Mick Whitley MP welcomes Labour’s bold recovery plan to support thousands of pupils

Mick Whitley, MP for Birkenhead has accused the Conservatives of neglecting children’s futures after they announced a recovery package worth 10 times less than their education catch-up ‘tsar’, Sir Kevan Collins said was needed.

The Conservatives’ education ‘catch-up’ plan provides just £50 per child compared to the Netherlands, for example, where £2,500 has been allocated per child.

The government’s plan does not include anything for children’s wellbeing or social development, despite parents saying this is their top concern after the isolation of lockdown. Reinvestment in the tutoring programme continues but is currently reaching fewer than 1 in 50 school pupils.

Labour’s new Children’s Recovery Plan claims to harness children’s excitement at being back in school with their friends by creating new opportunities for young people to play, learn and develop.

Labour’s plan, which reflects engagement with schools, parents, and children, would deliver:

Breakfast clubs and new activities for every child: from breakfast clubs to sport, drama, book clubs and debating societies, a fully funded expanded range of extracurricular clubs and activities to boost time for children to play and socialise after months away from their friends.
Quality mental health support in every school: give every child the support they need to transition back to school and manage personal challenges, with access to qualified in-school counselling staff alongside boosting wellbeing through extra activities;
Small group tutoring for all who need it: make small group teaching available to all children who need it by reforming the Government’s tutoring programme to make sure no child falls behind because of pandemic disruption;
Continued development for teachers: Teachers have had one of the toughest years of their careers – it is only by supporting them with training to stay on top of the latest knowledge and techniques that we can give every child a brilliant classroom experience;
An Education Recovery Premium: support every child to reach their potential by investing in children who have faced the greatest disruption during the pandemic from early years to further education, and double the Pupil Premium for children in key transition years, delivering additional support for children who need it most;
Ensure no child goes hungry: no child will go hungry with Labour, by extending free school meals over the holidays, including the summer break.

The Government has been warned that failing to help children to recover lost learning could cost the economy and taxpayer as much as £420 billion – almost 30 times the cost of Labour’s comprehensive £15bn plan.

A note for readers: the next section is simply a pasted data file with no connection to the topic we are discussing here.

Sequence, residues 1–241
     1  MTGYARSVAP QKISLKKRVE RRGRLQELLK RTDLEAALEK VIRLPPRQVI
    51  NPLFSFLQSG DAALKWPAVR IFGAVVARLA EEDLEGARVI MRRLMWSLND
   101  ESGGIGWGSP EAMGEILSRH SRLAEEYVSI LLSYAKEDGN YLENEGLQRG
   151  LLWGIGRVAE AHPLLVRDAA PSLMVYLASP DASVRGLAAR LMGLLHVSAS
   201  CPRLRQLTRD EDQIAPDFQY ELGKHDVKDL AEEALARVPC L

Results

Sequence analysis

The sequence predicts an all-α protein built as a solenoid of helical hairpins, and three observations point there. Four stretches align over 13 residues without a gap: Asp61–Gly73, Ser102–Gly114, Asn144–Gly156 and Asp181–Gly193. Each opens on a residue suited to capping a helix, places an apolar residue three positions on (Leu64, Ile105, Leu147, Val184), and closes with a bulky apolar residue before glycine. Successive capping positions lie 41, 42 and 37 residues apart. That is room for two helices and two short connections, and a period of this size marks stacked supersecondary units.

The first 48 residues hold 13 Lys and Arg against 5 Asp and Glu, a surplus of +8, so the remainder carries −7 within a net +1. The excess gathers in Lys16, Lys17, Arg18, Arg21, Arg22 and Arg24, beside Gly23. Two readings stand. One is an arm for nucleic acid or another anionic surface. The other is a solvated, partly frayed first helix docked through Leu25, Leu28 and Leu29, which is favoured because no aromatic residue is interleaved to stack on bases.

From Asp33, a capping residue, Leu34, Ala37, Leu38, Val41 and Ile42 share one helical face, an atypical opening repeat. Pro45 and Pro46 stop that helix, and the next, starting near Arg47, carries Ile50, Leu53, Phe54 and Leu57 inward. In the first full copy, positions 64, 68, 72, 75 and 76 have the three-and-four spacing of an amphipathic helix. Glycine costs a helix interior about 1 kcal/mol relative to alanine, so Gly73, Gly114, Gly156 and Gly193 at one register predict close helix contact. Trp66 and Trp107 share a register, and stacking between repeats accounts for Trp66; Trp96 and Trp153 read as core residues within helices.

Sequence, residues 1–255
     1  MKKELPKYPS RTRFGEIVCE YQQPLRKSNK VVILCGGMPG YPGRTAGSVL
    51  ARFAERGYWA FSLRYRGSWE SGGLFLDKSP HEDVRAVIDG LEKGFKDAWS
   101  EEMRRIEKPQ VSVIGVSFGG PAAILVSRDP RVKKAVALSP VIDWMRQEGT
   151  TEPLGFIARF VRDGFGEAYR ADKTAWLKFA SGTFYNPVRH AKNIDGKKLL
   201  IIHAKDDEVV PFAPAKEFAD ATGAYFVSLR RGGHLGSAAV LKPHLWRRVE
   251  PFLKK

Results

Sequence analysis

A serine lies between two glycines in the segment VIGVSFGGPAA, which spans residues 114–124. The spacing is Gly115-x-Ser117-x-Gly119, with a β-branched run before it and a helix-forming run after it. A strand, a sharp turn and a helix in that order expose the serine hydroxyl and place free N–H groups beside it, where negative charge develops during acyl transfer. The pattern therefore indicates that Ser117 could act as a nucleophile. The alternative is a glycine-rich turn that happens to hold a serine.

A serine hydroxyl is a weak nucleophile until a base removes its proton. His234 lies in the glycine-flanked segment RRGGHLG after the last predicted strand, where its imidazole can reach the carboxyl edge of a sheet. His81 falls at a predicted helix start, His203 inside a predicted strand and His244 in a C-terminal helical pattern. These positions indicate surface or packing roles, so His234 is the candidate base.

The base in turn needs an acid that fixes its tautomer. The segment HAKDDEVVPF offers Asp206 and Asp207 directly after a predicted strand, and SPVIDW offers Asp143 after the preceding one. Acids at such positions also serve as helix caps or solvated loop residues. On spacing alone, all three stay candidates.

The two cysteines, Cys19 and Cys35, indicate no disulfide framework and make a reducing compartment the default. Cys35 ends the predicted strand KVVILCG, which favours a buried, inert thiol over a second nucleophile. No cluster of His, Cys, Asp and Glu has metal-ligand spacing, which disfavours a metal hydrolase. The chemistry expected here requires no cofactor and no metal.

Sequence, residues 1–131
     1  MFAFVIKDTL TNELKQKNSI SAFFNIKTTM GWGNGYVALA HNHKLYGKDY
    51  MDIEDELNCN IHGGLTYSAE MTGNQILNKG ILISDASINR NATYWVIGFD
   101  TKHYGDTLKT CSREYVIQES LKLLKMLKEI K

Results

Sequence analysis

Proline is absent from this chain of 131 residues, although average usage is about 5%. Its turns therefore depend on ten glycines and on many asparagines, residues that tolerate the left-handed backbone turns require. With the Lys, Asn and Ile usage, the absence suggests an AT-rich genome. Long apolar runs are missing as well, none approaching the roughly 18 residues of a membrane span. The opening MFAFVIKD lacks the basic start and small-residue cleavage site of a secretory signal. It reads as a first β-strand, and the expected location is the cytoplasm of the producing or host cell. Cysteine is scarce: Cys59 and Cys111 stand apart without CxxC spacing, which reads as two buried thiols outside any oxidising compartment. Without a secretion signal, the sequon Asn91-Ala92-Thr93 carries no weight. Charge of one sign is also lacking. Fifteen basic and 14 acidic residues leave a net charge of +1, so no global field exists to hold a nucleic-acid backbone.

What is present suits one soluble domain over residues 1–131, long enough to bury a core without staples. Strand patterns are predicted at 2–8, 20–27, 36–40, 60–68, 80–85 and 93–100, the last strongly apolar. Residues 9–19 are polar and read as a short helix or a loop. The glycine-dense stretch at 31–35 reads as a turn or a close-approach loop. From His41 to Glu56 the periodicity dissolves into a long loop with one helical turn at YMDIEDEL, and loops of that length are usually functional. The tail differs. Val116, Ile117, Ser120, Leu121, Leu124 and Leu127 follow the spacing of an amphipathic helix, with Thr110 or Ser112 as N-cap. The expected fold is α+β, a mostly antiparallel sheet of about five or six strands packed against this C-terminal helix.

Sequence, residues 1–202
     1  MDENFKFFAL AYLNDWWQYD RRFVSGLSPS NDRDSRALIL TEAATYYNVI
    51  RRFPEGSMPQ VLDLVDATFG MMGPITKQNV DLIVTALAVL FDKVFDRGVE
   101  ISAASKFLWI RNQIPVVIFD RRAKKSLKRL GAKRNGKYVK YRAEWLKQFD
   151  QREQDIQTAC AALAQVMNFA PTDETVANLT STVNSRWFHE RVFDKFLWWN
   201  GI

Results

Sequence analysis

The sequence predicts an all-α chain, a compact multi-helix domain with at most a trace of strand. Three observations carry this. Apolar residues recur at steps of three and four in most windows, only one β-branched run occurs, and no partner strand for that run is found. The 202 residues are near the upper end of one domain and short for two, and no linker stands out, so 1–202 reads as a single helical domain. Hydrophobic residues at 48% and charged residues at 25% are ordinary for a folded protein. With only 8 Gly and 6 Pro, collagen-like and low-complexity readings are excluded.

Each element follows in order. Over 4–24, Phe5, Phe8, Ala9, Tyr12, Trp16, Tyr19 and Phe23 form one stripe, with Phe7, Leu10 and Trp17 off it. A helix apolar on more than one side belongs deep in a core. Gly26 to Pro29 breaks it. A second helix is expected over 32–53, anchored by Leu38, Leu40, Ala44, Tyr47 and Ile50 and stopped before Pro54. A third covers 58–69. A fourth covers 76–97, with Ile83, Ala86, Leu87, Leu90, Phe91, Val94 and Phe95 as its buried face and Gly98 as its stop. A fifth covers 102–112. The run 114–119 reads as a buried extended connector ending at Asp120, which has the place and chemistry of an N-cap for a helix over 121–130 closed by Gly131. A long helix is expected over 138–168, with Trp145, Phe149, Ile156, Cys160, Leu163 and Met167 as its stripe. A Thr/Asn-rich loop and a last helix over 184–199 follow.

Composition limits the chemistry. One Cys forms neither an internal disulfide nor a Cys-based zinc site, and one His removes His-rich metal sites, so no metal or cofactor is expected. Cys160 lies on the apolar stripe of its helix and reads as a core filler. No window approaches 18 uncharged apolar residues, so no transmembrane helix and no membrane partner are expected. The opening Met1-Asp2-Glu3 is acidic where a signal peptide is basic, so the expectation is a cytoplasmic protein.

Children across Britain have had more time out of school than anywhere else in Europe which, combined the government’s delayed delivery of laptops and devices for remote learning, has seen the gap in learning between children on free school meals and their peers increase.

Mick Whitley said, “The Prime Minister claimed Education was his top priority. Yet when the man he put in charge of Education Recovery sent in his report the Prime Minister casually tossed it into the nearest Whitehall wastepaper bin.

“Sir Kevan Collins recommended that in the light of the damage that the Covid storm caused for our schools and colleges there was an urgent need for a catch-up injection of funds to the tune of fifteen billion pounds.

“In response the Secretary of State for Education on 2 June announced that there was a meagre one point four billion pounds on offer. This equates to fifty pounds per pupil.”

Mr Whitley continued, “Poor Sir Kevan was put in the position of a latter-day Oliver Twist pleading for “more sir”. Like Mr Bumble in the book this government rudely dismissed Sir Kevan’s request. His resignation is an indictment of this government and its record.

“The Conservatives have treated our children and young people as an afterthought throughout this pandemic and are now failing to deliver the investment needed to help their recovery.

“We must match the ambition children have for their own futures and put them at the heart of our national recovery. This is an investment that our children’s futures and the future of our country depends on.

“Spending this money today is not a drain on this country’s resources. It is an investment in the future. Labour’s plan can provide us with the teachers, doctors, nurses, care workers, builders and engineers who will rebuild this country in the years to come.”, Mr Whitley concluded.

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